“Landscape is nothing but an impression,” said Claude Monet, “and an instantaneous one …”
Those were fighting words. Today we have a tendency to forget just how revolutionary the Impressionists were in late-19th century France, preferring to get lost in the pretty colors and serene terrain. Painting would never be the same again.
Viewers to “Impressionist Landscapes” have the opportunity to see this transformation in the 73 paintings in the exhibition. Arranged in an art historical timeline, Impressionism is bookended by Barbizon School’s Realism on one end with Post-Impressionism and Fauvism at the other.
Impressionism started in Paris, then the art capital of the world, and gradually made its way to America. Plein air (outdoor) painting let the artists see firsthand what ever-changing light did to the landscape. Characterized by short, loose brushwork, the resulting paintings had a sketchy, lacking-in-detail quality.
The Brooklyn Museum was one of the first museums in the United States to take notice of what Impressionism was doing to the time-honored landscape painting. Their 39 paintings form the core of the exhibition.
“We are tremendously excited to have on loan these wonderful paintings from Brooklyn’s distinguished collection,” says Ruth Cloudman, chief curator at the Speed, “and to be able to show them side-by-side with Impressionist and Impressionist-inspired paintings from the Speed’s own collection and from other institutional and private collections in Kentucky. Since these works will never again be shown together, this is literally a once-in-a-lifetime opportunity to see an extraordinary range of Impressionist paintings.”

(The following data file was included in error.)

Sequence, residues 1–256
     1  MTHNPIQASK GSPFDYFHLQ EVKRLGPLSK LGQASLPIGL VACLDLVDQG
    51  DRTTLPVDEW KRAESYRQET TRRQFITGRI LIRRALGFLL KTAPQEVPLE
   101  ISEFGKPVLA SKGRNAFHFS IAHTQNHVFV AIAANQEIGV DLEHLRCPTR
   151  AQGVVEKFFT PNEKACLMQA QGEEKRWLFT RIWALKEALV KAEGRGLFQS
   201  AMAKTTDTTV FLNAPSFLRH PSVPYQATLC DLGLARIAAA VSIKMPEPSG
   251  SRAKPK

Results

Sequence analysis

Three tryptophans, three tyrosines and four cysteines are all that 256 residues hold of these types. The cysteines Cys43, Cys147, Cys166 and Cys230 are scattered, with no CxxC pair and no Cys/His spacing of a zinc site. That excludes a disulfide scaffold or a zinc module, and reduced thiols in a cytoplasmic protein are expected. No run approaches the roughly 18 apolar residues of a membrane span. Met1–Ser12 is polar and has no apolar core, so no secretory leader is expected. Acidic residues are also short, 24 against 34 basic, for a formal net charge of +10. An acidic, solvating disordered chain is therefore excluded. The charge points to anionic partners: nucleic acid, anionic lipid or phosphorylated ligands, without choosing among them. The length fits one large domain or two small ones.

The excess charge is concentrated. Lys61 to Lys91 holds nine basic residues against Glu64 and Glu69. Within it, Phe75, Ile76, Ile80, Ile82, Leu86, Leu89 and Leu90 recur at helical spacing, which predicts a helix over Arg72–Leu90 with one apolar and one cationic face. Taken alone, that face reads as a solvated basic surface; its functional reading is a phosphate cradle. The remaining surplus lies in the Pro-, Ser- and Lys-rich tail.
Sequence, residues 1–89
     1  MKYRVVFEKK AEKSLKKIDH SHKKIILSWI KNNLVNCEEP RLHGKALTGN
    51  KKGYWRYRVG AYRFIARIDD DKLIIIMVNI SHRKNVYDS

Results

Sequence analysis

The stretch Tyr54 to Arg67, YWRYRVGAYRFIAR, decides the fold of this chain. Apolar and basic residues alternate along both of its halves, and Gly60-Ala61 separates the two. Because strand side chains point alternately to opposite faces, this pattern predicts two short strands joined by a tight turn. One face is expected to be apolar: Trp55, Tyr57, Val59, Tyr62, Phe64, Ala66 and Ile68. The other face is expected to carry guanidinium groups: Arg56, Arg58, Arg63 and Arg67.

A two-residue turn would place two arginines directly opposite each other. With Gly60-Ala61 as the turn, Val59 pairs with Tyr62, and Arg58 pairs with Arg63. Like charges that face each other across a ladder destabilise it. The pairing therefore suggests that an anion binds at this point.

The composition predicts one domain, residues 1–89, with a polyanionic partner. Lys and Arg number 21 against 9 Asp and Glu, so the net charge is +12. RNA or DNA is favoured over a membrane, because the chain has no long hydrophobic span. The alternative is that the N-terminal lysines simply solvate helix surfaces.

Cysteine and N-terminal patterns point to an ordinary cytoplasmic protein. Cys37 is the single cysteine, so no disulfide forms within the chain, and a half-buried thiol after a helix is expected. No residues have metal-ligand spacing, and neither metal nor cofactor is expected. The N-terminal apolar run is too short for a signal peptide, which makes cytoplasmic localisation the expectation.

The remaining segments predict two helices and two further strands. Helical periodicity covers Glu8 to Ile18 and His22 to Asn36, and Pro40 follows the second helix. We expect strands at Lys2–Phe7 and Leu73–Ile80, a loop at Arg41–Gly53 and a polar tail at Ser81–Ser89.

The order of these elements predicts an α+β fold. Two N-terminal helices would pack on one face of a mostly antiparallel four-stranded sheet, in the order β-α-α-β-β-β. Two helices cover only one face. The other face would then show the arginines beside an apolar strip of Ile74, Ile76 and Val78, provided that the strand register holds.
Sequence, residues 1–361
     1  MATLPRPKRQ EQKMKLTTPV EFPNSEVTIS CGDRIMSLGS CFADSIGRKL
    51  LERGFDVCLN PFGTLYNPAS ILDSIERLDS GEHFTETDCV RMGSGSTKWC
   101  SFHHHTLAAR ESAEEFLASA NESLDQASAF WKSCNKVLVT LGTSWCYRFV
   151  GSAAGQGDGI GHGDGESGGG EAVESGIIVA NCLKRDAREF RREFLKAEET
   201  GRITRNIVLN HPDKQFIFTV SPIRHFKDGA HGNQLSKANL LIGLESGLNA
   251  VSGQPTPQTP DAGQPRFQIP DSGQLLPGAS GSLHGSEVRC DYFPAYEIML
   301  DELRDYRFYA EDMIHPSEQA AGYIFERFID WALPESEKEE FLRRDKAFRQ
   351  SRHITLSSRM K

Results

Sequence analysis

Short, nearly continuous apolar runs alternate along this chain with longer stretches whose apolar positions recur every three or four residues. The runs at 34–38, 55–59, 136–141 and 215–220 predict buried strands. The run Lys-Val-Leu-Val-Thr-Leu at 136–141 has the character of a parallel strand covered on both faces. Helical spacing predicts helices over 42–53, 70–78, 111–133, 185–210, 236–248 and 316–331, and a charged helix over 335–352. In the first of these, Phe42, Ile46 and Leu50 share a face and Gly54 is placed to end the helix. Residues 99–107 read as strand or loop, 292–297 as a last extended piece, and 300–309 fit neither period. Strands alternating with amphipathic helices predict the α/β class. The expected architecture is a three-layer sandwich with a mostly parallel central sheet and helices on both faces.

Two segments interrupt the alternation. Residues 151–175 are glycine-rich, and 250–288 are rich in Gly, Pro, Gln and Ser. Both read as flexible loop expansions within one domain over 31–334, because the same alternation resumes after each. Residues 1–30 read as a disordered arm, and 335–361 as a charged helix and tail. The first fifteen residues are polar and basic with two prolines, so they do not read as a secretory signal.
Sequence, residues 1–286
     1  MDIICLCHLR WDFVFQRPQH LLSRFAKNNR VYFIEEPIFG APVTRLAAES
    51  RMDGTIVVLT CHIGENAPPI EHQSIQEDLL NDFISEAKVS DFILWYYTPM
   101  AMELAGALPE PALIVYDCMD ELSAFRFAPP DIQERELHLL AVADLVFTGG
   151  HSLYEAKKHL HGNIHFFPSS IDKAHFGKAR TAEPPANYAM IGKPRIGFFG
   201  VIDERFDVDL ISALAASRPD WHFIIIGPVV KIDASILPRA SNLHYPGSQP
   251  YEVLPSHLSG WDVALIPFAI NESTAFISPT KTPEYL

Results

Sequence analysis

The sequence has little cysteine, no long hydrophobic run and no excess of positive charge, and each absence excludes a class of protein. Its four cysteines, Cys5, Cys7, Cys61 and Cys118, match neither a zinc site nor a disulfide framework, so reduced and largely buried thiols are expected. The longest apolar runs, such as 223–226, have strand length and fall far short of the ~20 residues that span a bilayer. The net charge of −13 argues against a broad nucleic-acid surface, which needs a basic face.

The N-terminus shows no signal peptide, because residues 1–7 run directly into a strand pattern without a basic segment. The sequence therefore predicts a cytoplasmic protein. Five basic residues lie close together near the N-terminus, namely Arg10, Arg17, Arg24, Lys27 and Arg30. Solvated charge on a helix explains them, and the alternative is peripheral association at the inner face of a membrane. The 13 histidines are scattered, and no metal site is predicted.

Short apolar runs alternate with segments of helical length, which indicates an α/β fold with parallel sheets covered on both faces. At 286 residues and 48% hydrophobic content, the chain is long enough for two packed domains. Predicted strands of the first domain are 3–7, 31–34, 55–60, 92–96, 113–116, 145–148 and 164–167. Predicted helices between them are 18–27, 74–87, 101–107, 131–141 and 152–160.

Monet is the best-known French Impressionist, and he’s worthy of the star billing. The ability to add to the Brooklyn show (a rare treat since most traveling exhibitions are self-contained) has resulted in a coupling available just for Louisville viewers.
“(We) have the opportunity to see the Speed’s magnificent Monet painted on the Normandy coast in 1882 (‘The Church at Varengeville, Grey Weather’) alongside Brooklyn’s exquisite Monet ‘Rising Tide at Pourville,’ also painted on the Normandy coast in 1882. (That) will enrich the viewer’s experience of both paintings,” Cloudman says.
Just as impressive are Monet’s later works, the abstract “The Islets at Port-Villez,” and “Vernon in the Sun” with its visible texture. Understanding Monet is a shortcut to understanding Impressionism.
American Impressionists are well represented, especially John Singer Sargent and Frederick Childe Hassam. Hassam’s exquisite “Poppies on the Isles of Shoals” is reproduced on the stairway as a directional sign of what is to come. Sargent’s “Val d’Aosta” is an interlude from the portraiture for which he is best known. Landscapes became the subject he did for escapism and personal enjoyment.
Cloudman also added some Kentucky Impressionists into the mix — Paul Sawyer from Frankfort and Hartford’s Charles Courtney Curran, an exceptional artist. Although little of his “On the Heights” has the typical characteristics of an Impressionist painting, it’s worthy of multiple viewings for his skill with shadows and details.